On this line, write the amount of your check using words (as opposed to using numerals). For example, if you write a check for $10.50, you would write "Ten and 50/100" in this section.

Note the fraction in the example above. Cents are written as fractions of a dollar, rather than as full cents. Since there are 100 cents in every dollar, you can just put the number of cents above the number 100. For more explanation and examples, read about putting dollars and cents into words.

As mentioned above, the amount written out with words is the official amount of the check. If there's any difference between the dollar box and the amount written in words, the bank is supposed to ignore the dollar box. That's because words are harder to alter than numbers.

Memo Line

A picture showing where the memo line appears on a check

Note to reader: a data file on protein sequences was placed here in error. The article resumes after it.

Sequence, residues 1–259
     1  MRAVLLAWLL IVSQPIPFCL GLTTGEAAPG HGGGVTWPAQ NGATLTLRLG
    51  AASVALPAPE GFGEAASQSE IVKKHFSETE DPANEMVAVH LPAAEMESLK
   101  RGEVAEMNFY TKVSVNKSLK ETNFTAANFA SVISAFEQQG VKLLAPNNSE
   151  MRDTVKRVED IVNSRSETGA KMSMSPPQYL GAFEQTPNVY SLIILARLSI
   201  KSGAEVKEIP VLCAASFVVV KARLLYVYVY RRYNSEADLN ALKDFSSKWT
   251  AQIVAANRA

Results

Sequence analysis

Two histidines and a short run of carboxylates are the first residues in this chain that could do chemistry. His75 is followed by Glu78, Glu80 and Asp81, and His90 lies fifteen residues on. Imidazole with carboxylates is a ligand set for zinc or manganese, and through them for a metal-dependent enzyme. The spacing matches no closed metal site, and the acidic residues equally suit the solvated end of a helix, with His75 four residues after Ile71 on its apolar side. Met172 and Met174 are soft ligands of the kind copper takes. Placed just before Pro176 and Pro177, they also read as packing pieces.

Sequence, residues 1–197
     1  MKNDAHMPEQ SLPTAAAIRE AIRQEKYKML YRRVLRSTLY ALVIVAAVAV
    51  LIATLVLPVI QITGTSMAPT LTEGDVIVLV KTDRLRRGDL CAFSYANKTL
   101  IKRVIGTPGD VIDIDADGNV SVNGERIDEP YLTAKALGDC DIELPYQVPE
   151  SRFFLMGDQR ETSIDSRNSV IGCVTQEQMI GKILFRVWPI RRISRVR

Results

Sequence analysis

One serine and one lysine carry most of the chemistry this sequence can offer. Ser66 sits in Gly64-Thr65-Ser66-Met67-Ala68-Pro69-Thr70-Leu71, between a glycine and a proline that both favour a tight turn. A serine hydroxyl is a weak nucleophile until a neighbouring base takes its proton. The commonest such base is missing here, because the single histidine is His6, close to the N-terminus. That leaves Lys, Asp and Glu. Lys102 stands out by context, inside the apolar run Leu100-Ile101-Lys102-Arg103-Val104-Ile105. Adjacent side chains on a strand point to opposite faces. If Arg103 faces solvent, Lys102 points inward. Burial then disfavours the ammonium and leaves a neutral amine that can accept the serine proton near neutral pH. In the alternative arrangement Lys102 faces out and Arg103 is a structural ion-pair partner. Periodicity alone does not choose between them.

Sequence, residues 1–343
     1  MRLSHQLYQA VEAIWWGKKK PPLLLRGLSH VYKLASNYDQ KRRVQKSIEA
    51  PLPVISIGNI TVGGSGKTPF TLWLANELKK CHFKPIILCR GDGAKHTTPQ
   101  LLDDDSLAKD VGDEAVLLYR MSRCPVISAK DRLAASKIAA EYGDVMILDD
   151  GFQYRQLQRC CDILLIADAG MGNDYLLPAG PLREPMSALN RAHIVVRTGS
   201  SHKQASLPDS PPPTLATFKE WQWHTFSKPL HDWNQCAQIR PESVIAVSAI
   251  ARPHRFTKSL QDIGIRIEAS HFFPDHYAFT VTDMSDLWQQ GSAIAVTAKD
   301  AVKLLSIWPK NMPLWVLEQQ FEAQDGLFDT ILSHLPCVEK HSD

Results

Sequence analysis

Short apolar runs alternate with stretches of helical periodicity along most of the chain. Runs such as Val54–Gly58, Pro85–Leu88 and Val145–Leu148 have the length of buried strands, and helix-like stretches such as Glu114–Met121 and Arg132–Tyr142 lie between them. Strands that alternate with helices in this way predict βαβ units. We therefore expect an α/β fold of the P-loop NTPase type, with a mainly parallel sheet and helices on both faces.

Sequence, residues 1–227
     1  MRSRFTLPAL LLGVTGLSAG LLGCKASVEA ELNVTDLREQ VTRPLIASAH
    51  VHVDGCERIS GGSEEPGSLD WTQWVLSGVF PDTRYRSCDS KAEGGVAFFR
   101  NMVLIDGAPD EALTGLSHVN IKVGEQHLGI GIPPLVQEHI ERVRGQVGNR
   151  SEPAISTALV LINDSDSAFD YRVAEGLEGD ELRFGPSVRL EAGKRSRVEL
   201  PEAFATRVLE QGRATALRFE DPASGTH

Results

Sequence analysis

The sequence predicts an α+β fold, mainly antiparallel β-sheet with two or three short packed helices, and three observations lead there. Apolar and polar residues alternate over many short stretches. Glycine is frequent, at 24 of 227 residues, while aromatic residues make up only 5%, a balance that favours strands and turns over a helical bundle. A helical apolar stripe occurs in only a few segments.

A picture showing where the memo line appears on a check (highlighted in yellow). The memo line is for notes that may be helpful for you or your payee. Justin Pritchard

The memo line can be used to write an unofficial note on your check. This is entirely optional and it can be written in informal terms.

Some use the memo line to add details for their personal recordkeeping. For example, a business owner paying a supplier may include their account or transaction number on the memo line for clarity. Others simply add fun notes when they're writing checks to friends.

You don't necessarily need to get everything on the memo line. You can write additional information just about anywhere on the front of a check, as long as it doesn't cover up any important information, but avoid using the back of the check.

The Dateline

A sample check showing where to enter the current date (highlighted in yellow).